'Holy alliance' in Italy protests against working on Sundays
ROME - Agence France-Presse
AFP photoTrade unions held small protests across Italy and the Catholic Church voiced its support on Sunday as part of a Europe-wide campaign against allowing more businesses to stay open on Sundays.
Susanna Camusso, the leader of Italy's biggest trade union, CGIL, joined picketers outside a Rome shopping centre and there were similar demonstrations around the country including street parties in Florence, Milan and Pisa.
"Liberalising businesses by opening them seven days a week does not increase consumption but it has an impact on the material conditions of workers with ever harsher shifts and increased demands on flexibility," Camusso said.
"A Priceless Day" read the headline of an editorial in Avvenire, the newspaper of the Italian bishops' conference, which hailed the formation a new "holy alliance" between Catholic communities and trade unions on the issue.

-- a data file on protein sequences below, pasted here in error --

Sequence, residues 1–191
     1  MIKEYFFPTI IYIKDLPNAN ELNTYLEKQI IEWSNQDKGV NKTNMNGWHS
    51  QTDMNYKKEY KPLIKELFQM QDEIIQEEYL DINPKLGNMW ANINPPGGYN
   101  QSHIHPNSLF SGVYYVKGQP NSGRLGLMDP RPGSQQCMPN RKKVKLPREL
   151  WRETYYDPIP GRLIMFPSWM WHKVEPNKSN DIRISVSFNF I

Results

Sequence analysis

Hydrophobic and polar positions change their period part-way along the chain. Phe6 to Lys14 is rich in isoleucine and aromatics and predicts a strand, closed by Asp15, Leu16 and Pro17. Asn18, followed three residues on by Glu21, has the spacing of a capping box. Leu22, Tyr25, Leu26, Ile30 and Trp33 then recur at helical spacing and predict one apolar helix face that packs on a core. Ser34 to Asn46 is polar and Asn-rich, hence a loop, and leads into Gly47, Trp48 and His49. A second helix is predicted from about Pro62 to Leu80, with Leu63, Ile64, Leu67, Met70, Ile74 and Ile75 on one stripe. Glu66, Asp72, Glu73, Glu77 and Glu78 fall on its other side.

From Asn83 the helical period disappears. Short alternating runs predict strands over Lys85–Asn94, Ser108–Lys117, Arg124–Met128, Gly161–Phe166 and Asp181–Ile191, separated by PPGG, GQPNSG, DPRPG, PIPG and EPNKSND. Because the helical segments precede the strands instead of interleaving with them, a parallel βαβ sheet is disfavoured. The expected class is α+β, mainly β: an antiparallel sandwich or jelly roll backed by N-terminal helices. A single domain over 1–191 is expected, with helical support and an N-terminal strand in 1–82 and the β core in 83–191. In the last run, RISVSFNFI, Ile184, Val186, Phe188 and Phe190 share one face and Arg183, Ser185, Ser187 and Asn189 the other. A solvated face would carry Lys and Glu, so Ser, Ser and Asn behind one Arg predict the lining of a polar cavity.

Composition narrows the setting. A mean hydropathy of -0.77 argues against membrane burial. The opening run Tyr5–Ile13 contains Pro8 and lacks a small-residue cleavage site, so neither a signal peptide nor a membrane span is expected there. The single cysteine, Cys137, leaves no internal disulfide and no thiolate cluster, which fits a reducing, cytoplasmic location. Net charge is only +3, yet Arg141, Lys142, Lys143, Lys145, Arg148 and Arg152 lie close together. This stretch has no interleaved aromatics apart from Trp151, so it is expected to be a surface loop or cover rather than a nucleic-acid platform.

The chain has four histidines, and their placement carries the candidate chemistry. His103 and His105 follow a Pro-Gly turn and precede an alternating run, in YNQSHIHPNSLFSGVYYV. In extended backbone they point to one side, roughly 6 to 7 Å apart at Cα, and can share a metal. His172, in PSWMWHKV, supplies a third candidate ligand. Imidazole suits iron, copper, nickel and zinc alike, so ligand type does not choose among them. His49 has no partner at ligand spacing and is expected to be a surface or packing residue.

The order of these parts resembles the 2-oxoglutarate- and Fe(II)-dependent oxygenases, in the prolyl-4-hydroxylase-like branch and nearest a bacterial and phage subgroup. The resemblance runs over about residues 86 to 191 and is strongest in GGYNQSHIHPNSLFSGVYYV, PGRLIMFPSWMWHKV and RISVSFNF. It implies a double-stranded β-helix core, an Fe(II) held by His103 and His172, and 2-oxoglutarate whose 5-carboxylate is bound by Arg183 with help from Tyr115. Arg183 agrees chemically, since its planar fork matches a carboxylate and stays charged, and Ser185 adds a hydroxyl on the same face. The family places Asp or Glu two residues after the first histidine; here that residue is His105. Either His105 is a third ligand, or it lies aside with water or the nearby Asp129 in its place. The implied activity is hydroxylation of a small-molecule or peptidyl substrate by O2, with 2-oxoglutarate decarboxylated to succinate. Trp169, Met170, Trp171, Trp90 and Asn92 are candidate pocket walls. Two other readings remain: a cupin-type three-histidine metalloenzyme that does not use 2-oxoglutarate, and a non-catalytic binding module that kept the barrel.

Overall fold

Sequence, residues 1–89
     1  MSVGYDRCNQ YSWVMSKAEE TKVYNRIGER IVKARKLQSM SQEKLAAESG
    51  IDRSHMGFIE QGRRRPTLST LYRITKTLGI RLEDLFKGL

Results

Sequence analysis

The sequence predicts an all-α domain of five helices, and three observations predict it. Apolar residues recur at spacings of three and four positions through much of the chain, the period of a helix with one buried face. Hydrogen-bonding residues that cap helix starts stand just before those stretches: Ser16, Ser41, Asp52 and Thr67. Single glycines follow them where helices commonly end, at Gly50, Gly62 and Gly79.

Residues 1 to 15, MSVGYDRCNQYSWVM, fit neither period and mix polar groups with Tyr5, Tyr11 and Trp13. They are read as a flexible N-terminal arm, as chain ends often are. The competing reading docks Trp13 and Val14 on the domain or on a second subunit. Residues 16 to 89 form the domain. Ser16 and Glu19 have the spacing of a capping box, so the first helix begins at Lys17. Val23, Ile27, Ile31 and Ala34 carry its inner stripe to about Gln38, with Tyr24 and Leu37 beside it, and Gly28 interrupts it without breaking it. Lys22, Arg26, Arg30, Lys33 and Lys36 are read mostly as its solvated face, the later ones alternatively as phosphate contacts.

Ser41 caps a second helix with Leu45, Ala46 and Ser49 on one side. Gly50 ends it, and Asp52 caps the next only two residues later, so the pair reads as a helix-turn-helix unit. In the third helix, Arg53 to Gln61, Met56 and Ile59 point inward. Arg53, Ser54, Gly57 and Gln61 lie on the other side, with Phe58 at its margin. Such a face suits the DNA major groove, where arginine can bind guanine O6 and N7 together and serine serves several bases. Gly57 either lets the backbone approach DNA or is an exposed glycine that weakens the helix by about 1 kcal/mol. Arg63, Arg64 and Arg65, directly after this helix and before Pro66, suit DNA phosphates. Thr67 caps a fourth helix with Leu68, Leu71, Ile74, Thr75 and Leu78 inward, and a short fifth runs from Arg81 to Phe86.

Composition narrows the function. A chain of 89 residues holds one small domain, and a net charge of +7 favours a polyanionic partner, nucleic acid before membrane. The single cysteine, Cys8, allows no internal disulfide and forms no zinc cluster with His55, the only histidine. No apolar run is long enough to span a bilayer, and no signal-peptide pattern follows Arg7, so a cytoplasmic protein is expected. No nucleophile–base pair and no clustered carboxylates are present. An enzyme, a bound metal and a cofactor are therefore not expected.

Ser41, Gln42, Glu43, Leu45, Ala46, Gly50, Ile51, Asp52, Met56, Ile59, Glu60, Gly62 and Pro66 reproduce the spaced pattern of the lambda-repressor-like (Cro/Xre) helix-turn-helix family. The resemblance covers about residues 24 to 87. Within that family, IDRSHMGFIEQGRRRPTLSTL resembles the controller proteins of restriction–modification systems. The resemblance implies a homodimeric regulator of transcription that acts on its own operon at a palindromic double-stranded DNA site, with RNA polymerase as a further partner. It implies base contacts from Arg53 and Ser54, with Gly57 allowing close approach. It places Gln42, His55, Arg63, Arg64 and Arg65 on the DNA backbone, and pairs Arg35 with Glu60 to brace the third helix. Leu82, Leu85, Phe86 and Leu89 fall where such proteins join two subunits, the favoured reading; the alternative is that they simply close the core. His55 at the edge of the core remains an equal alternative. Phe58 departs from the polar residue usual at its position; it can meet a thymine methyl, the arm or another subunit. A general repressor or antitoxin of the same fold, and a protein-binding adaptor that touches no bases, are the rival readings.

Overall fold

"Workers are stressed out by unworkable shifts and the unimaginable difficulties of spending time with their families and taking Sundays not just as a day of rest but of personal reflection," it said.
Italian Prime Minister Mario Monti introduced a reform as part of an austerity package passed in December last year that allows businesses to decide their own working hours, including the possibility of 24-hour opening.
Italy's three main trade unions, CGIL, CISL and UIL, which are already campaigning against government plans to make it easier to fire workers, said in a statement that Sunday openings would lead to "worse economic conditions." The mobilisation in Italy was part of the European Day for a Work-Free Sunday, a campaign called by the European Sunday Alliance, a network of trade unions, civil society organisations and religious communities.